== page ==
Though some have said the 15.7 million-member denomination needs to be more racially and ethnically inclusive, [Fred] Luter, its first African-American president, thinks the main reason for decline is that all congregations need to take a role in evangelism.

“We have just not been very active in doing what we can to reach the lost and the unchurched in our nation,” said the 57-year-old New Orleans pastor.

OK, show of hands: How many of you lost and unchurched souls would say that what’s holding you back from conversion is insufficient contact with Christian evangelists?

Unable to face the fact that they’ve already flooded the culture with religious messages and it’s not helping them attract new members, SBC leaders like Luter are convinced that they just need to redouble their efforts. They won’t accept that anything about the message itself has become problematic, even though that possibility ought to serve as a warning: if they try harder to spread an unpopular message, they’re more likely to lose members than to gain them.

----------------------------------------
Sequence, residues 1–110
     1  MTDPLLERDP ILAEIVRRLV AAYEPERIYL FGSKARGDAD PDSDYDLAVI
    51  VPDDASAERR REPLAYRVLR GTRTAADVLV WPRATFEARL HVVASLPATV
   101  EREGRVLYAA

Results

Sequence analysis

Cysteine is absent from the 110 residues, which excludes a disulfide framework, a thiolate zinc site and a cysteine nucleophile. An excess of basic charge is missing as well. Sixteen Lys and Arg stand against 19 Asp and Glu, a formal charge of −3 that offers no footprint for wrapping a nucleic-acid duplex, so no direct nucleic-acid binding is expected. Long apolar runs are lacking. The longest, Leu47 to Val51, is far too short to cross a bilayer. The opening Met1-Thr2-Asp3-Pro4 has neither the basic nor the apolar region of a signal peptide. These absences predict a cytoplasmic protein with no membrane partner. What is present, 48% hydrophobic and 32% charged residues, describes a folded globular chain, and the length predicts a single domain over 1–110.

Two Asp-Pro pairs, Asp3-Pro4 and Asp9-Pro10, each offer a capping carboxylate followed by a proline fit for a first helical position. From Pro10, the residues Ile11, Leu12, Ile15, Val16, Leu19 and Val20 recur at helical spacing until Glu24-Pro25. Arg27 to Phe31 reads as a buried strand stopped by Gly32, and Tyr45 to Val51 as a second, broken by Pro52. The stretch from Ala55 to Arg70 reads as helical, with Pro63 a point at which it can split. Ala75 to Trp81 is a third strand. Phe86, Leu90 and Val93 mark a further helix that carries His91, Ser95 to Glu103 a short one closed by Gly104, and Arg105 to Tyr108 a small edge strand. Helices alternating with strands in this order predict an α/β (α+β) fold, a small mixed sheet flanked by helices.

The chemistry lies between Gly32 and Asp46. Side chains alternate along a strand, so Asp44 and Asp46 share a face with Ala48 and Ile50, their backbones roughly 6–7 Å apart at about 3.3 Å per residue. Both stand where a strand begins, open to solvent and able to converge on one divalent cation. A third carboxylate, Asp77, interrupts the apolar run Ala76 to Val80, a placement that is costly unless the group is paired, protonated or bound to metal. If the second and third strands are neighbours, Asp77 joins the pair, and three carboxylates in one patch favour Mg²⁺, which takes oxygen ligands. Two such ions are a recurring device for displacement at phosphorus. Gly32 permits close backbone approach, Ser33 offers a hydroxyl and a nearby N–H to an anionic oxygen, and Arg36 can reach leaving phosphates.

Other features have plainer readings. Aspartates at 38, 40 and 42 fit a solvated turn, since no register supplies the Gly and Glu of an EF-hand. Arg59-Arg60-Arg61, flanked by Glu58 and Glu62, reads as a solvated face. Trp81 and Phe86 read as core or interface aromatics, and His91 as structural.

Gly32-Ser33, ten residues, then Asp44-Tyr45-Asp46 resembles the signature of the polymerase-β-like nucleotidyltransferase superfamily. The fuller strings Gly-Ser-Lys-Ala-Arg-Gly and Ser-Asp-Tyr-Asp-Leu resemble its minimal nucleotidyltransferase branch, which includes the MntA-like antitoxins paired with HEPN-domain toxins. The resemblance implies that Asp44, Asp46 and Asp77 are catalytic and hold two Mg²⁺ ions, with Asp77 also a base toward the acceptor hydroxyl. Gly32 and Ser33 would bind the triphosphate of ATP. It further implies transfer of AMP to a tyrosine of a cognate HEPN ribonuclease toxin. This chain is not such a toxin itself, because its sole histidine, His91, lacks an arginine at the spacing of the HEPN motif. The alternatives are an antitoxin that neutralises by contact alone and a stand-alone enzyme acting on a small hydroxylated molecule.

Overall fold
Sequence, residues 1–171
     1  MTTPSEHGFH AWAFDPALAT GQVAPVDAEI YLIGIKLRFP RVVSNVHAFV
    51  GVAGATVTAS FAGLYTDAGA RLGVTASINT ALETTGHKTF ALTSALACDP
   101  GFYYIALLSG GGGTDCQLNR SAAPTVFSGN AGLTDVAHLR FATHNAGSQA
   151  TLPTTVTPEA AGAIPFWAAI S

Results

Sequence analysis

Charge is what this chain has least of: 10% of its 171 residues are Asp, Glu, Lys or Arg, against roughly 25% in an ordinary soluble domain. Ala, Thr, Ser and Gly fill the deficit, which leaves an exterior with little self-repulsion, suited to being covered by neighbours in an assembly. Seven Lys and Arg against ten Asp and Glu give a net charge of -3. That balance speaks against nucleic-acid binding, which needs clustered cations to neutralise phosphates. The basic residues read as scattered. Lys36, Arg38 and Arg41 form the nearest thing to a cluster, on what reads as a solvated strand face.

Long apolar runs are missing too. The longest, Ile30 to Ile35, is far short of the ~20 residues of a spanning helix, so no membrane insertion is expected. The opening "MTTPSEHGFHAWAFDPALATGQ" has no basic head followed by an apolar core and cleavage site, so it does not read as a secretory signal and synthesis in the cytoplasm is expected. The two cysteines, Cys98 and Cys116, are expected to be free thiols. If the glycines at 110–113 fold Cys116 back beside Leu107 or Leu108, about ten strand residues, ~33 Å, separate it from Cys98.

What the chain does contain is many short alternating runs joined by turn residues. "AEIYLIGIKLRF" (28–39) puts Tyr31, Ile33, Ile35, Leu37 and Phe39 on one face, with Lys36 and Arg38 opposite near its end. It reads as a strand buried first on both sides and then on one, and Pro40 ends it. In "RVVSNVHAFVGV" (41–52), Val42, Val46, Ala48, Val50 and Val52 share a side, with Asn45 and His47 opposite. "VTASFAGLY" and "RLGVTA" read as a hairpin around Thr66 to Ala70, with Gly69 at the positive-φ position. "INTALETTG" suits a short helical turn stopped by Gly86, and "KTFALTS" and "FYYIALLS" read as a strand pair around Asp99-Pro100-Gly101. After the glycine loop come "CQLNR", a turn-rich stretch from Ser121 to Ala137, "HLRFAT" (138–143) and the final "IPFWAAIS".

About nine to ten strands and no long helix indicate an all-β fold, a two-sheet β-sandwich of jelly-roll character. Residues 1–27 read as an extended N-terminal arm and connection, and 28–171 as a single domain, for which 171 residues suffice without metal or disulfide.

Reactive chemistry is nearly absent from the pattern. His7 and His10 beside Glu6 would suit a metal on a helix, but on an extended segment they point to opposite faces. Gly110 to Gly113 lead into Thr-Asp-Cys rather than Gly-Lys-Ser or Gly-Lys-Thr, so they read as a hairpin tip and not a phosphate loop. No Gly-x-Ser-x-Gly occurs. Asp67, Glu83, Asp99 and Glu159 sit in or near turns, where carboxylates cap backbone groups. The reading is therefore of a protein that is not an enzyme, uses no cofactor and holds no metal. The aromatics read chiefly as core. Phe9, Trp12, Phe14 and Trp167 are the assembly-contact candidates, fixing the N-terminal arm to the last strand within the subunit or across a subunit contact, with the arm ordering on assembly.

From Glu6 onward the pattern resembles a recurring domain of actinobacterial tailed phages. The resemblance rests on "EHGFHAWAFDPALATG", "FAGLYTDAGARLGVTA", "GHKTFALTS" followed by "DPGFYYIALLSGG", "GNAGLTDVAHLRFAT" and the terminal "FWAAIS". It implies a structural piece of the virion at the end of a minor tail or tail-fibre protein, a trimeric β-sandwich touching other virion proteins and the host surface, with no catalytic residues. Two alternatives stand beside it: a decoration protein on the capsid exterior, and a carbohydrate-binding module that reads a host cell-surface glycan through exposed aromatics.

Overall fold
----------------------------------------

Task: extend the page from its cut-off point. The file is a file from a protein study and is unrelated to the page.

Then there are the SBC members who don’t think that human efforts will do any good at all, and that they just have to pray for a miracle:

The Rev. Jared Moore, pastor of a small church in Hustonville, Ky., is not convinced that a special method or a new way of training is the answer.

“It’s not something that any president or any individual can reverse,” he said of the trends that show seven straight years of declining membership. “It’s something that God must bring about.”

…The Rev. Ronnie Floyd, a former SBC Executive Committee chairman who is considered to be a front-runner for the presidency, said there’s a need for “extraordinary prayer” for another “major spiritual awakening” in America.